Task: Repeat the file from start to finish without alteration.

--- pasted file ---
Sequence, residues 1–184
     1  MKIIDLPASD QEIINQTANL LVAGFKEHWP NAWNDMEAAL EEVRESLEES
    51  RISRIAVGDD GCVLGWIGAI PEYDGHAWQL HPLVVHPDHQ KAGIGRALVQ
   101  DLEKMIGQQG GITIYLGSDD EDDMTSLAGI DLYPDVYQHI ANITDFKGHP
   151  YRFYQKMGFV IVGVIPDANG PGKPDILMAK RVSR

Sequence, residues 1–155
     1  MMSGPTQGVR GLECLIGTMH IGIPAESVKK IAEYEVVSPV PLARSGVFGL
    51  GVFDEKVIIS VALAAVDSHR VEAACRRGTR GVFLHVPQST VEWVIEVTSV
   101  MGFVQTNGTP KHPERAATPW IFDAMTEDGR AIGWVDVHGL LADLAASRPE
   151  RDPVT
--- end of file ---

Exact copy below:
Sequence, residues 1–184
     1  MKIIDLPASD QEIINQTANL LVAGFKEHWP NAWNDMEAAL EEVRESLEES
    51  RISRIAVGDD GCVLGWIGAI PEYDGHAWQL HPLVVHPDHQ KAGIGRALVQ
   101  DLEKMIGQQG GITIYLGSDD EDDMTSLAGI DLYPDVYQHI ANITDFKGHP
   151  YRFYQKMGFV IVGVIPDANG PGKPDILMAK RVSR

Sequence, residues 1–155
     1  MMSGPTQGVR GLECLIGTMH IGIPAESVKK IAEYEVVSPV PLARSGVFGL
    51  GVFDEKVIIS VALAAVDSHR VEAACRRGTR GVFLHVPQST VEWVIEVTSV
   101  MGFVQTNGTP KHPERAATPW IFDAMTEDGR AIGWVDVHGL LADLAASRPE
   151  RDPVT